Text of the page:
9

The problem is that you have HC type CMOS logic chips, and in the video LS TTL type chips are used. CMOS chips don't work in a circuit that is deliberately made to utilize the characteristics of LS TTL type chips. So your inputs float unconnected when the DIP switch is off, and the CMOS chips in your circuit do not work properly with unconnected inputs. LS ...


9

First of all, diodes always need a current limiting resistor. In this case apparently at least (5V - 0.8) / 200mA = some 20-25 ohm at the very least. Otherwise you risk burning the diode. Second, the output current of your MCU is not 40mA per pin! 40mA/pin and 200mA total are absolute maximum ratings. When reading any electronics datasheet, you should design ...


9

If you want a reliable LED string, then you don't want a string of LED's without a resistor. In this case you don't want to match the 24V just by LED voltage drops. It'd be much better to use 6 LED's and a say 18 ohm series resistor to limit the current. LED's are very dependent on temperature and you don't want thermal runaway causing the LED's to burn out. ...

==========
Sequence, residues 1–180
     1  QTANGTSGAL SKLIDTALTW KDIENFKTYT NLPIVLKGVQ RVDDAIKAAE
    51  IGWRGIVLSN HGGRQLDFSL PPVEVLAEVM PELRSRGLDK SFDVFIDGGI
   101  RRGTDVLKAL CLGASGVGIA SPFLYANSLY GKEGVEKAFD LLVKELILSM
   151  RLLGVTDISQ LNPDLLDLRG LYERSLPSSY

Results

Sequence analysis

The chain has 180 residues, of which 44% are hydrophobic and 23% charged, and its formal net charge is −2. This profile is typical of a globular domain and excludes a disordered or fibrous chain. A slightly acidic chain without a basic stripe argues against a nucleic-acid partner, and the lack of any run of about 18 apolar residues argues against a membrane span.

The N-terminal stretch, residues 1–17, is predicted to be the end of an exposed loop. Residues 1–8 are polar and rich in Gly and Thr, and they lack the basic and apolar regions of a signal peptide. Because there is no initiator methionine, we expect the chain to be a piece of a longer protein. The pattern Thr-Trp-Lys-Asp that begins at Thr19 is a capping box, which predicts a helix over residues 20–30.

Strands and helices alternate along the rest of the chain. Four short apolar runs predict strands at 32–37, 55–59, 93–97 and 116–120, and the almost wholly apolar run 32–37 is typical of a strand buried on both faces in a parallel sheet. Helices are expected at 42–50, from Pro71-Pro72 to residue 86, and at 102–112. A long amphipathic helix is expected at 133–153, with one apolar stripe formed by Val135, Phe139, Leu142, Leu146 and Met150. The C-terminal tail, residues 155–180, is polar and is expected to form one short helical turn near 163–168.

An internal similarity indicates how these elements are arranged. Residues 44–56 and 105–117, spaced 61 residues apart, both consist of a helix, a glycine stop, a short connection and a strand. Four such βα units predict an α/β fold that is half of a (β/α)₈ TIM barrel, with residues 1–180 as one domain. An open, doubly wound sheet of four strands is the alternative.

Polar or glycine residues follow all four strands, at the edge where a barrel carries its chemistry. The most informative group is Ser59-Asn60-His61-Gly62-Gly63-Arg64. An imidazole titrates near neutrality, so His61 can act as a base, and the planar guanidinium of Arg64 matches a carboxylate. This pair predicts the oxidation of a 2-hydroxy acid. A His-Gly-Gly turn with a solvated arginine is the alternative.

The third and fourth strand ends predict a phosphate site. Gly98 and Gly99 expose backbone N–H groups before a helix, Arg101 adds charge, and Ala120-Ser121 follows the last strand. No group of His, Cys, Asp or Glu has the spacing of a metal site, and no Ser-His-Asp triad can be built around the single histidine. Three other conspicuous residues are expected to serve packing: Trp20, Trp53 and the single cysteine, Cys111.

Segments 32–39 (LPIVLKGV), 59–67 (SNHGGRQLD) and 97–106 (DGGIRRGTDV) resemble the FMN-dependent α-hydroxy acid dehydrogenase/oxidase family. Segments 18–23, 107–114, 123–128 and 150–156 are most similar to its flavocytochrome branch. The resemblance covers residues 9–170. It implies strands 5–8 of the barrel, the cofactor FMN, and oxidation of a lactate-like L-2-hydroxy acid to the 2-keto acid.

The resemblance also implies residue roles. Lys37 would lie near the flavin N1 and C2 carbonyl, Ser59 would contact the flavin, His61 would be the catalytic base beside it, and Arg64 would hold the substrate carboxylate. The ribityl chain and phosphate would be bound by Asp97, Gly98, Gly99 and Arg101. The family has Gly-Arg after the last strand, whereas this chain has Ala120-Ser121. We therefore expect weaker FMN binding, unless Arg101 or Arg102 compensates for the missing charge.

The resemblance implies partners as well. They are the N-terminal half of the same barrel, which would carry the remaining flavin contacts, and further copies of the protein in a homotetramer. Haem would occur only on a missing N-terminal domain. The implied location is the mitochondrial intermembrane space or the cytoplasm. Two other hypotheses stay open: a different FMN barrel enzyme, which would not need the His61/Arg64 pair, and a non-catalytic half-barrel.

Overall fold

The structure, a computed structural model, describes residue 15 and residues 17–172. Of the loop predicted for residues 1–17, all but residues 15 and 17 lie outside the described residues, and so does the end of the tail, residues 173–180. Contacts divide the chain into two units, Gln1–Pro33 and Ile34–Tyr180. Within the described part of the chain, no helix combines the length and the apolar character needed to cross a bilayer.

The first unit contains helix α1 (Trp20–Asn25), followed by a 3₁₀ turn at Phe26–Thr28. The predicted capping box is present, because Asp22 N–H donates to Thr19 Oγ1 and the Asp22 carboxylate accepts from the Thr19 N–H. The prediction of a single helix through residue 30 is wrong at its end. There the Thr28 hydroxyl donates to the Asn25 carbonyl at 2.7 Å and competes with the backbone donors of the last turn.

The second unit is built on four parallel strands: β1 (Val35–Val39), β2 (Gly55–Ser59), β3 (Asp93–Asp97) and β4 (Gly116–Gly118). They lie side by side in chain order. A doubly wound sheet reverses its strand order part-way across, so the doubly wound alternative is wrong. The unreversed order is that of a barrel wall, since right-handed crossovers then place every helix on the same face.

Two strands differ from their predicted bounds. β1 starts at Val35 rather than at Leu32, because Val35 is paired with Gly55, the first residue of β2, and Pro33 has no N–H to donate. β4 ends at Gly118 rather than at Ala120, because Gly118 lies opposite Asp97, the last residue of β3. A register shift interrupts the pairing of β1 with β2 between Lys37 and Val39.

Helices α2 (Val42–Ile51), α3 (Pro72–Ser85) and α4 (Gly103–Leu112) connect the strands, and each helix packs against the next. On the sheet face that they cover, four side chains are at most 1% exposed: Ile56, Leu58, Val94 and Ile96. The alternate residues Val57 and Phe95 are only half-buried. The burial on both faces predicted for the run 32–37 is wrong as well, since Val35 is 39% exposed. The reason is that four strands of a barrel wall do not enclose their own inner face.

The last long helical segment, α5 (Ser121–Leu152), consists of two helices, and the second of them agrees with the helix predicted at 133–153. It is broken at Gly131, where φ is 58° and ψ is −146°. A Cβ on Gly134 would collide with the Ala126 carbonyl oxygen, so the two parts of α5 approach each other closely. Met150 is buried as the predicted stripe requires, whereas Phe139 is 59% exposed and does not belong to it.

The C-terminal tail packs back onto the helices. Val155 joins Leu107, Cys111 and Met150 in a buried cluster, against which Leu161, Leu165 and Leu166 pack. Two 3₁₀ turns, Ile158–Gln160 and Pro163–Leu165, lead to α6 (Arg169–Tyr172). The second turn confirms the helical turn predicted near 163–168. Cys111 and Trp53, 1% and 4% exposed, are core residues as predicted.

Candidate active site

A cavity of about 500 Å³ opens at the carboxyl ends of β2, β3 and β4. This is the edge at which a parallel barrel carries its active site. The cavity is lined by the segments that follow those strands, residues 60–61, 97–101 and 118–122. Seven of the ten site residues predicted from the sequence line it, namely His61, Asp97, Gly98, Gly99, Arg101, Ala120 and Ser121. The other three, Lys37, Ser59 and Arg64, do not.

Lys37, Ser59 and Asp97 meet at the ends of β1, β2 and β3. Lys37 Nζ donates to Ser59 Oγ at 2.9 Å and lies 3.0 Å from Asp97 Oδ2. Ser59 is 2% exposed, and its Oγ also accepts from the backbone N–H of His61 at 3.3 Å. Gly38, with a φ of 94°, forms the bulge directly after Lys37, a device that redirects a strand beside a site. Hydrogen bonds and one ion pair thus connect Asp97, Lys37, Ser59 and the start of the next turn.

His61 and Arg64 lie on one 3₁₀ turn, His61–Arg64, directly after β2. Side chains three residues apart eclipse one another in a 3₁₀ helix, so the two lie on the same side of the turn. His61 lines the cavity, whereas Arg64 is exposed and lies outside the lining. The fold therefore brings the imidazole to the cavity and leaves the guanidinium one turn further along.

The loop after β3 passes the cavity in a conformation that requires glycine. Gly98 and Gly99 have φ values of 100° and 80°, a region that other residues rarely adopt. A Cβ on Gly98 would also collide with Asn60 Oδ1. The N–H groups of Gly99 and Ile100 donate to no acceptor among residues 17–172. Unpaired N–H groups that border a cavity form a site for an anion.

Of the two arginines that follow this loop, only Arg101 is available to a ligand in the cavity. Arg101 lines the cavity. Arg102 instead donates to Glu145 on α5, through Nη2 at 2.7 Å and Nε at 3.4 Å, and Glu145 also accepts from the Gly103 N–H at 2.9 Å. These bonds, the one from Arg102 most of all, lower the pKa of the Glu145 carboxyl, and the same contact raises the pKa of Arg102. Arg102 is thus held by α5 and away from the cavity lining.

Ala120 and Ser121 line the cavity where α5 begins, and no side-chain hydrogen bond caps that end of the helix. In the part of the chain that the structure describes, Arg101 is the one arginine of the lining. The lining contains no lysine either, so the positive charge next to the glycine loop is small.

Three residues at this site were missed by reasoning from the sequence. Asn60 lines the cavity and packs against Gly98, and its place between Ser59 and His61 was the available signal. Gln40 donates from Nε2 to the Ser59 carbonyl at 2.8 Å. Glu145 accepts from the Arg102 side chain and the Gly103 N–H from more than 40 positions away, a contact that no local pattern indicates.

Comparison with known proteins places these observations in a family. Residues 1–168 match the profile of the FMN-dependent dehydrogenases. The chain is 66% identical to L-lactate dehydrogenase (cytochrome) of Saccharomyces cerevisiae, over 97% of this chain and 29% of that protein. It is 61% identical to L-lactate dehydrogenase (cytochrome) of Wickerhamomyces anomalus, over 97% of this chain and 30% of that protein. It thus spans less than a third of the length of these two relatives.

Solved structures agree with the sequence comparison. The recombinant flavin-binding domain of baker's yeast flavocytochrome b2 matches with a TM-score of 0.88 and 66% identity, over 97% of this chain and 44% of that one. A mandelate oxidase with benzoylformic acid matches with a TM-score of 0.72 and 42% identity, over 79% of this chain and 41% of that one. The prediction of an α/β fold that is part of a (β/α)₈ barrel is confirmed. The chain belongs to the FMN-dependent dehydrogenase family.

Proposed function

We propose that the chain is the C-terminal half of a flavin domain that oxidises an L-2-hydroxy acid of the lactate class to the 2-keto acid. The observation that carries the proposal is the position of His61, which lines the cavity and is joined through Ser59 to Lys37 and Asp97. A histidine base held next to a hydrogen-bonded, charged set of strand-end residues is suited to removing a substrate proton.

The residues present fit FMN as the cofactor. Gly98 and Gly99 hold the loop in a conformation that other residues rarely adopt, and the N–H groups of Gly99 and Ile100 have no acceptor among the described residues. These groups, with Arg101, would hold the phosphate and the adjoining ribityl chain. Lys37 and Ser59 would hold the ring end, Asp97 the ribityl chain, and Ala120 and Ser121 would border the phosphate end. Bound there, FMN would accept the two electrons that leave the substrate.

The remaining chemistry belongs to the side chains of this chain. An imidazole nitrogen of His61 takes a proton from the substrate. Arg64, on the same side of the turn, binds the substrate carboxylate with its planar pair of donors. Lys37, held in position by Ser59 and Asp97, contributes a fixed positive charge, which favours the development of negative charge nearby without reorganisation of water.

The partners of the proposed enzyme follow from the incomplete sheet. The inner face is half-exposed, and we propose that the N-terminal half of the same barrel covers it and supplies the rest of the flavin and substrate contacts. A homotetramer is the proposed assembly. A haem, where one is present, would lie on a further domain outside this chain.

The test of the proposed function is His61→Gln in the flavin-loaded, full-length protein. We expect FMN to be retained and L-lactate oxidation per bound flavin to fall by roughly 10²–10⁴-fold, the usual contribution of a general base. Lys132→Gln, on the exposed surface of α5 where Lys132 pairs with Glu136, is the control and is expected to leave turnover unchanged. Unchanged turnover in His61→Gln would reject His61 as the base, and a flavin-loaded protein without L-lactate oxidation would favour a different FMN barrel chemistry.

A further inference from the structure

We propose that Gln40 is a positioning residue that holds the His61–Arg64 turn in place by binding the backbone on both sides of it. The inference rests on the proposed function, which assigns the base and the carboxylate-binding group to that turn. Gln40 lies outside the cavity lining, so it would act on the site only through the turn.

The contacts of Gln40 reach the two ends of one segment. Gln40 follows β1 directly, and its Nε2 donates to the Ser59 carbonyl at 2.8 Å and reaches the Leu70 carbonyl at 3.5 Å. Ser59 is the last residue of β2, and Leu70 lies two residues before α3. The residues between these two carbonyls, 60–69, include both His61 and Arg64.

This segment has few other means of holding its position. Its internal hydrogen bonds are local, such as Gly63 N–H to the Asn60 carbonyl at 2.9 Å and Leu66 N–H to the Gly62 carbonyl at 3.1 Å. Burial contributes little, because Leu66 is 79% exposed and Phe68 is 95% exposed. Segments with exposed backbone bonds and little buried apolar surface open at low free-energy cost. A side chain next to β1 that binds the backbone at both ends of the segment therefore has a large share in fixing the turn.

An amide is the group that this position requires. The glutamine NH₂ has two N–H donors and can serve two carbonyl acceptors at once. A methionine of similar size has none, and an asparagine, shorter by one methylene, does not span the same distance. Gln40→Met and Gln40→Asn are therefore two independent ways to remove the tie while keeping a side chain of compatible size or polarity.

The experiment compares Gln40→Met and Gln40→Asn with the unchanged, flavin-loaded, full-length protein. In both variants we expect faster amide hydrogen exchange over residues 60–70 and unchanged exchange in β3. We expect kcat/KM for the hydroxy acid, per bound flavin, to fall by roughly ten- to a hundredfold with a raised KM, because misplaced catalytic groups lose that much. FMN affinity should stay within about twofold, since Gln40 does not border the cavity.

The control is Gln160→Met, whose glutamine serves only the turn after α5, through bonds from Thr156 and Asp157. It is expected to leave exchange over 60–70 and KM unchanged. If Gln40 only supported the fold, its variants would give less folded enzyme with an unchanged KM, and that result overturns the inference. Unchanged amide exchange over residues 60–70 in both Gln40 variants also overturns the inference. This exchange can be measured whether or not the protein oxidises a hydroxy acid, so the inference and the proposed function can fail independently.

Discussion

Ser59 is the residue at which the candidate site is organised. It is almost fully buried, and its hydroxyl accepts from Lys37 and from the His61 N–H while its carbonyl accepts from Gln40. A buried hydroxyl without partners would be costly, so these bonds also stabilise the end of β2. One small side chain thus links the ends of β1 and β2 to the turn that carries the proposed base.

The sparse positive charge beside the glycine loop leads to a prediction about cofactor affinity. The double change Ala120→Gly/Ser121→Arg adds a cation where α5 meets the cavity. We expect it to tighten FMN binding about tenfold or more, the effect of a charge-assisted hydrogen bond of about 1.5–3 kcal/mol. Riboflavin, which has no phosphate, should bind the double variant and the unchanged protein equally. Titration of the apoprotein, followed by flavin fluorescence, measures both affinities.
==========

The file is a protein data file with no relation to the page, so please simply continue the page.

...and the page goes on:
8

CMOS floating inputs are very receptive to stray electric fields. You need pulldown resistors on the switched_nodes. Use 100Kohm. Fresh out of university, I assisted a very senior guy debug a 3_rack cabinet logic system: the central_station telemetry receiver for South Florida Flood Control District, monitoring dozens of remote sites out in swamps that would ...


8

The absolute maximum total current from all the IO pins together on an Arduino Uno is 200 mA, so I wouldn't try this. Also, if you don't switch the five outputs simultaneously, you run the risk of blowing them up one by one. If it would work, which it won't, then yes, you would need a resistor, as the Arduino Uno has a 5V microcontroller sitting on it and ...